Custom Knife

The Beauty of Japanese Knives April 29 2015, 1 Comment

With the popularity of fine dining at home showing no let up, the allure of Japanese knives is growing. Japanese knives are a big budget item and should be bought with care. This article looks at the following areas:

- The difference between Japanese and Western knives
- Types of Japanese knives
- Single and double bevels
- The components of Japanese knives
- How Japanese knives are made


The Elk Hunter Knife April 29 2015, 0 Comments

A very special knife, designed and made for an avid Elk Hunter.

The blade is stainless steel Damascus, procured from Forge Balbach in Germany. The pattern is ‘Banddamast’ also known as ‘Ladder’ Damascus.

The guard is made from silver nickel and has a prominent finger groove.

 

The handle is made with black spacer, a ring of fossil mammoth ivory, elk antler and a brass cap plate. It is always difficult to find the right size and form on an antler to make a good fitting handle without shaping the antler too much.

The sheath is made out of genuine 8oz cow hide with rattle snake skin inlays and genuine dark brown leather lacing instead of normal stitching or sewing.


Kitchen knives, single bevel high performance Japanese Kiritsuke style April 27 2015, 0 Comments

Kiritsuke style Kitchen Knives

Chef knives, roast carving knives, slicers and Sushi knife for the professional chef as well as home cook tested by professionals in S35VN PM Stainless Steel.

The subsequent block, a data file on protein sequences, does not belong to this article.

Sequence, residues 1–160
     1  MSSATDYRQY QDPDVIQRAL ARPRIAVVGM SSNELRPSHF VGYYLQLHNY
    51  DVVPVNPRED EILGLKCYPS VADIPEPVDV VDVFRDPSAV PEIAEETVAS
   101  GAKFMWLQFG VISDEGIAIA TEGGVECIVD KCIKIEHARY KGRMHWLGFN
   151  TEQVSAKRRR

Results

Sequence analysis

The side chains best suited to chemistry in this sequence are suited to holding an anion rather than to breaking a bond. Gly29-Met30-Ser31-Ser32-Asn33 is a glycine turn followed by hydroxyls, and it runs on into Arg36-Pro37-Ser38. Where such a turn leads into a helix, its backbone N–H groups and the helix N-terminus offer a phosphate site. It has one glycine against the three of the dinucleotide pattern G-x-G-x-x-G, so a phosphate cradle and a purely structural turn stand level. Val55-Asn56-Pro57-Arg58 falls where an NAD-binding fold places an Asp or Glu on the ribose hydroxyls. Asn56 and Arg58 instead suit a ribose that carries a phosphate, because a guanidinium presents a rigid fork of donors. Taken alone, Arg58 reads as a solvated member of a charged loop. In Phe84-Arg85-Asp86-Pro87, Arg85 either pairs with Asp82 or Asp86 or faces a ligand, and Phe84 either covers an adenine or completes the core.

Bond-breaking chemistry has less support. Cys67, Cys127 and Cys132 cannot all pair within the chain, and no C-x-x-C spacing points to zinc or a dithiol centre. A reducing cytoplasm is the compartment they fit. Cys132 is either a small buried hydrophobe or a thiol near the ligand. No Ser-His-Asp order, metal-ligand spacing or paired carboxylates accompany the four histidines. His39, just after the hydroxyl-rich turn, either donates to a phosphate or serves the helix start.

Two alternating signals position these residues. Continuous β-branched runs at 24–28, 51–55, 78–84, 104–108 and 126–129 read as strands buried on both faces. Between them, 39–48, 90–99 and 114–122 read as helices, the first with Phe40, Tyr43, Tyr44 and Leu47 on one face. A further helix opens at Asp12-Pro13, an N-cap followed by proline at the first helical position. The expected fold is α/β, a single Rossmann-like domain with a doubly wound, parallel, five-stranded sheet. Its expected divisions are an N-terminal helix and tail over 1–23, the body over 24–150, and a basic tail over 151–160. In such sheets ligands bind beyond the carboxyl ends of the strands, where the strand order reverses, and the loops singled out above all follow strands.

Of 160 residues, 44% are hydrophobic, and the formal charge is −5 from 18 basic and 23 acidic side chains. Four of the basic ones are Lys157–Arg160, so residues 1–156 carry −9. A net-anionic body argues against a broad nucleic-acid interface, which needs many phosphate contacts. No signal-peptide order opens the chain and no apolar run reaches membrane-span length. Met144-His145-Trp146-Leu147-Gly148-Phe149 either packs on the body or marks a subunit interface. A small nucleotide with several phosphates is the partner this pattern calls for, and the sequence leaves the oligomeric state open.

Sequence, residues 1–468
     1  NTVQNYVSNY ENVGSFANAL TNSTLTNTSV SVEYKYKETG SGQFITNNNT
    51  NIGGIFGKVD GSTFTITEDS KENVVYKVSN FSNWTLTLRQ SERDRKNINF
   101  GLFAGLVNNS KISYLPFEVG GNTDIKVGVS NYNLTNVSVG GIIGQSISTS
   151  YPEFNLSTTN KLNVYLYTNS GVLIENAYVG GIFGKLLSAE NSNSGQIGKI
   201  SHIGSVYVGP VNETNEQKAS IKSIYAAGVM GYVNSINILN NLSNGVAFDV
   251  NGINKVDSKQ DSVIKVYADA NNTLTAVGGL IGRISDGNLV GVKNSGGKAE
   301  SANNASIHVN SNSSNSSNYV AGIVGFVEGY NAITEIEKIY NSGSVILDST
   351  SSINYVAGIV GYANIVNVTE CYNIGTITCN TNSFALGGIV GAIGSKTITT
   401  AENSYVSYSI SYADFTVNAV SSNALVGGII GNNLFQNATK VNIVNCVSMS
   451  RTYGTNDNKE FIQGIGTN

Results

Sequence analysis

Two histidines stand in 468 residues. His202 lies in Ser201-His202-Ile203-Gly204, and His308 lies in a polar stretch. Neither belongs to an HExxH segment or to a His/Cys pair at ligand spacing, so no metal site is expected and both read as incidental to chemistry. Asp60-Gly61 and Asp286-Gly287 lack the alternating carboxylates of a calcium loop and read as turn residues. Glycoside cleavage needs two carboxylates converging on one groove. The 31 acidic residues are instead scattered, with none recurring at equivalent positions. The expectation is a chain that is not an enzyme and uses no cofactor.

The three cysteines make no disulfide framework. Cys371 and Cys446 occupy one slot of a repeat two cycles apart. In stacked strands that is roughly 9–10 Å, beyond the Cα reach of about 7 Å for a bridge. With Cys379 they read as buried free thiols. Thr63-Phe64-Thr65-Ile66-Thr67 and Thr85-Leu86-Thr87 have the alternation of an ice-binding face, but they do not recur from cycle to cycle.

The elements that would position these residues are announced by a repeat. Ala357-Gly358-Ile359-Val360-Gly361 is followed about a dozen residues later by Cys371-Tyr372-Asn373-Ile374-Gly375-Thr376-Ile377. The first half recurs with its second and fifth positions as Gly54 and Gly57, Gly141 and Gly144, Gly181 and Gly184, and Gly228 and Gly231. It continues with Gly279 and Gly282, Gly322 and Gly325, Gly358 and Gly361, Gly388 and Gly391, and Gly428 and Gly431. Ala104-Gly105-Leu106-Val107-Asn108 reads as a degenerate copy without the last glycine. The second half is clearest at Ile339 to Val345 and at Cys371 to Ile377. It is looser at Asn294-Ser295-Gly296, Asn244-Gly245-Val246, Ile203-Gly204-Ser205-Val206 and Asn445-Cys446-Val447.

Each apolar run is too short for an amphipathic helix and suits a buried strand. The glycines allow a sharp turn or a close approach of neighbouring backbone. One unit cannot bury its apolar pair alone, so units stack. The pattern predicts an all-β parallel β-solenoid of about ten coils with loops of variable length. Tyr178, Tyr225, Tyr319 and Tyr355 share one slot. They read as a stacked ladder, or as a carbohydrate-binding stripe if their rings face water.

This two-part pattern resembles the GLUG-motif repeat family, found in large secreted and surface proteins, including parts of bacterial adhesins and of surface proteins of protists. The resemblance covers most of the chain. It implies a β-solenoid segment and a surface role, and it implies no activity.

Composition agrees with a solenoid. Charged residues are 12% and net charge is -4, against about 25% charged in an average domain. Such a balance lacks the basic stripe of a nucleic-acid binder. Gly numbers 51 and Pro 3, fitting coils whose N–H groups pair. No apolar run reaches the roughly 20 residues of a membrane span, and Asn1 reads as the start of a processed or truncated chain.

Kiritsuke is a Japanese Term meaning "precision and strength to the downward cut". What could better describe the demand of the professional chef?

See Wikipedia :

"Just before making contact, the kaishakunin grips the handle (tsuka) with both hands, giving precision to the katana's blade and strength to the downward cut (kiritsuke)"

Kiritsuke knives are not new in the kitchen environment. Nevertheless, we developed our blades to have the traditional Japanese left or right hand orientation. This means the knives are beveled on one side only. The Blade is shaped fairly straight with the typical tip design know as Dao Blade or Reversed Tantoo. This design is a characteristic of the Kiritsuke.

The hilt is shaped backward to offer protection from the sharp edge, a superior safety feature.

The handles are shaped for the left or right handed user too i.e. they are uneven in appearance. They are designed to give both a thumb groove and a comfortable rest for the first finger. For a comfortable feeling this will make the handle longer on the 'thumb' side. This handle will provide you with a better and more secure grip of the knife in all cutting applications, and overall with better control of larger knives.


The Story Behind March 31 2015, 0 Comments

Knives, one of the oldest tools in mankind’s history, have always fascinated me. Having advanced over the years into professional knife making, many people wonder about the story behind the guy who makes the knives and founded the company.

Here is my story:

As a youngster, I could always be found in the kitchen 'borrowing' a knife for my adventures out in the woods....and so the number of kitchen knives dwindled, and subsequently, I was quite often in trouble. I progressed and soon was making my own wooden knives and swords for my adventures: my first designs.

As I got older, I could be found working, during the school holidays, to support my growing passion. Naturally I couldn't afford the good stuff and some of those cheap knives never lasted too long. So one year, I worked 4 weeks for a construction company to make the money for my first quality knife, the Puma Waidblatt. I was 14 then and I still have this knife.